The final trip of the month was to Las Vegas and a Star Trek convention. How comfortable these conventions have become! After all the hurly burly of the many trips, even with a slight jet-lag fog, I can still function easily surrounded by understanding and loving fans. I can get the names of familiar faces mixed up and still get a forgiving hug. I can growl out that old coal miners' song, "Sixteen Tons" and still get standing ovations. What terrific people fans are! I love the fans and I love these conventions that are like massive family reunions. July was a full, hectic and enriching month and how wonderful it is to recover and relax with fans at a Star Trek convention.

Image by Clker-Free-Vector-Images from Pixabay

Have you ever been reading a book, watching a movie, or even sitting down for a fantastical cartoon and began to salivate when the characters dig into some doozy of a made up food?

You're not alone.

Food is apparently fertile ground for creativity. Authors, movie directors, and animators all can't help but put a little extra time and effort into the process of making characters' tasty delights mouthwatering even for audiences on the other side of the screen.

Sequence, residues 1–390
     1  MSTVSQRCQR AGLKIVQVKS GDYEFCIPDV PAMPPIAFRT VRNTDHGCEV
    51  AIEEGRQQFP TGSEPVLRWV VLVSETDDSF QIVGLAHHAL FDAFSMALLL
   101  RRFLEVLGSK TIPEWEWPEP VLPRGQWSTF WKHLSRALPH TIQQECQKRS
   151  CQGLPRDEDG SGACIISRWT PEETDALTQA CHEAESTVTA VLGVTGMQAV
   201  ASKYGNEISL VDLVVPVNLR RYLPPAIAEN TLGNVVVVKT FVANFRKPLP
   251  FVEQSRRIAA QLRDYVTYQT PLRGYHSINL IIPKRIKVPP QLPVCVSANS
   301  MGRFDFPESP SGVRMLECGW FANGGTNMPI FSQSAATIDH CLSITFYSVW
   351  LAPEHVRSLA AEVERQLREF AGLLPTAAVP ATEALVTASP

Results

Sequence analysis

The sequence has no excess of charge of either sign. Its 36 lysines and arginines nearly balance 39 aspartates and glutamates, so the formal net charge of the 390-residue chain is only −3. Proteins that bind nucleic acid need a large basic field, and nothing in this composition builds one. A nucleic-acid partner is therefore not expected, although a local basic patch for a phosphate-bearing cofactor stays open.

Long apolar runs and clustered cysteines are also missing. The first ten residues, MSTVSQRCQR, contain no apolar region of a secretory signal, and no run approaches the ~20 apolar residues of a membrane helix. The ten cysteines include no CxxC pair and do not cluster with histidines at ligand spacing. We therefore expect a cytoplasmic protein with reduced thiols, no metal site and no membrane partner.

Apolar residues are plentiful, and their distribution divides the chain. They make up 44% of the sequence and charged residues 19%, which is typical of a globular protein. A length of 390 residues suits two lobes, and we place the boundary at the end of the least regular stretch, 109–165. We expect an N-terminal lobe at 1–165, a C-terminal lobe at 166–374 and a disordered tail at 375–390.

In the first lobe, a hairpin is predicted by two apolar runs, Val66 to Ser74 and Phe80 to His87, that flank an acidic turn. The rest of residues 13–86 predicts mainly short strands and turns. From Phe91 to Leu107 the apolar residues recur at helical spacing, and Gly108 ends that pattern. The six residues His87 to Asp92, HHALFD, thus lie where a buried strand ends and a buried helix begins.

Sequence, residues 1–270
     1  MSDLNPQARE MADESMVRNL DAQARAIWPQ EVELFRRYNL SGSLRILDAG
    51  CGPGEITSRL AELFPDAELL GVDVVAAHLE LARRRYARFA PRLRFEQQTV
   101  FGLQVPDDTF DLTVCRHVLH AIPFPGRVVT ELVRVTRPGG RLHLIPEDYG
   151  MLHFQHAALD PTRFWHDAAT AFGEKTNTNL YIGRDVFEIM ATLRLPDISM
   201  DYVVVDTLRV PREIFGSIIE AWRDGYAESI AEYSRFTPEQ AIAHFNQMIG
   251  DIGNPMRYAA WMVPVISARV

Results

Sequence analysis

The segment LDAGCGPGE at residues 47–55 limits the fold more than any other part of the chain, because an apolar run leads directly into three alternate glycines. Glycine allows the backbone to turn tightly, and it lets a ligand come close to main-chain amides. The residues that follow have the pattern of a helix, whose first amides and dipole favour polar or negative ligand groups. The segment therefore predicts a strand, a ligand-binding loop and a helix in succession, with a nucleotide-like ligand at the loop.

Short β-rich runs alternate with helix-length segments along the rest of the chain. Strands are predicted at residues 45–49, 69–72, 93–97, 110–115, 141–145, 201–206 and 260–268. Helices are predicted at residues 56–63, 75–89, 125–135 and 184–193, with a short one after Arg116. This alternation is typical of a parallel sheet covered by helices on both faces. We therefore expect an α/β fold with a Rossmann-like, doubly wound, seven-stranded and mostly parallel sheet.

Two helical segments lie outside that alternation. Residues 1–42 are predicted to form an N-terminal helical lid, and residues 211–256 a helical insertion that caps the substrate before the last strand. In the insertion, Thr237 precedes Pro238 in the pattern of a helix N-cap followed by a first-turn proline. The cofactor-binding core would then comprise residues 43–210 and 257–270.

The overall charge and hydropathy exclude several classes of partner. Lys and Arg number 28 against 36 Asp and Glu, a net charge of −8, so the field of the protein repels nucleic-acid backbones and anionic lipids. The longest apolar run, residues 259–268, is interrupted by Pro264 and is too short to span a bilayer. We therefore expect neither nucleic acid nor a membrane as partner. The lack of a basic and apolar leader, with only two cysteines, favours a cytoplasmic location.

Read on for a perfect mixture of nostalgia and hunger.

AllWhammyNoMorals asked, "What's a fictional food you've always wanted to try?"

Some people were all about the magical foods eaten in the magical places. They couldn't help but wish they could bite into something with fantastical properties and unearthly deliciousness.


"Enchanted golden apple" -- DabbingIsSo2015

"The Minecraft eating sounds make me hungry" -- FishingHobo

"Gotta love that health regeneration" -- r2celjazz

"Pretty sure those are based off the golden apples that grant immortality. Norse mythology I think?" -- Raven_of_Blades

Take Your Pick

"Nearly any food from Charlie and the Chocolate factory" -- CrimsonFox100

"Came here to say snozzberries!" -- Utah_Writer

"Everlasting Gobstoppers #1, but also when they're free to roam near the chocolate river and the entire environment is edible." -- devo9er

Peak Efficiency

"Lembas" -- Roxwords

"The one that fills you with just a bite? My fat a** would be making sandwiches with two lembas breads and putting bacon, avocado and cheese inside. Then probably go for some dessert afterwards. No wonder why those elves are all skinny, eating just one measly bite of this stuff." -- sushister

Some people got stuck on the foods they saw in the cartoons they watched growing up. The vibrant colors, the artistic sounds, and the exaggerated movements all come together to form some good-looking fake grub.